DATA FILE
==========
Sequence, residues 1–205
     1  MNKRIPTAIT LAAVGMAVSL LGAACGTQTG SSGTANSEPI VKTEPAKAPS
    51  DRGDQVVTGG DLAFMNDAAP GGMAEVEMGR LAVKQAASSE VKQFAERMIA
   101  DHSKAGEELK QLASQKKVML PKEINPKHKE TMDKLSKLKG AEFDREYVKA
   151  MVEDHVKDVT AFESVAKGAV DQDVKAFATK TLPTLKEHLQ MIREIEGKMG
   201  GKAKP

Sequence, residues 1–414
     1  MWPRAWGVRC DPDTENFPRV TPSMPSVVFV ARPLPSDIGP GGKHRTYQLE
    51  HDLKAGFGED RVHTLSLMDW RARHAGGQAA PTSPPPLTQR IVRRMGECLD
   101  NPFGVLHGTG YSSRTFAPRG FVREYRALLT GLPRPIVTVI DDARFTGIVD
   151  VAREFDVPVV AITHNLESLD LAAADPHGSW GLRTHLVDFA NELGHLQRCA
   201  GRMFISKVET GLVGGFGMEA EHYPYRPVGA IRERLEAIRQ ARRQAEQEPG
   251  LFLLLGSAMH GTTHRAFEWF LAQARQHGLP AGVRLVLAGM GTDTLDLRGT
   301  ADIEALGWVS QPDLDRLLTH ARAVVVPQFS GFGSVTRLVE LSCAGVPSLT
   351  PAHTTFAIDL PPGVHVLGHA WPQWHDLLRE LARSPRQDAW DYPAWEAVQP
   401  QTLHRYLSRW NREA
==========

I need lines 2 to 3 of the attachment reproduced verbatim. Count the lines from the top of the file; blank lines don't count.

     1  MNKRIPTAIT LAAVGMAVSL LGAACGTQTG SSGTANSEPI VKTEPAKAPS
    51  DRGDQVVTGG DLAFMNDAAP GGMAEVEMGR LAVKQAASSE VKQFAERMIA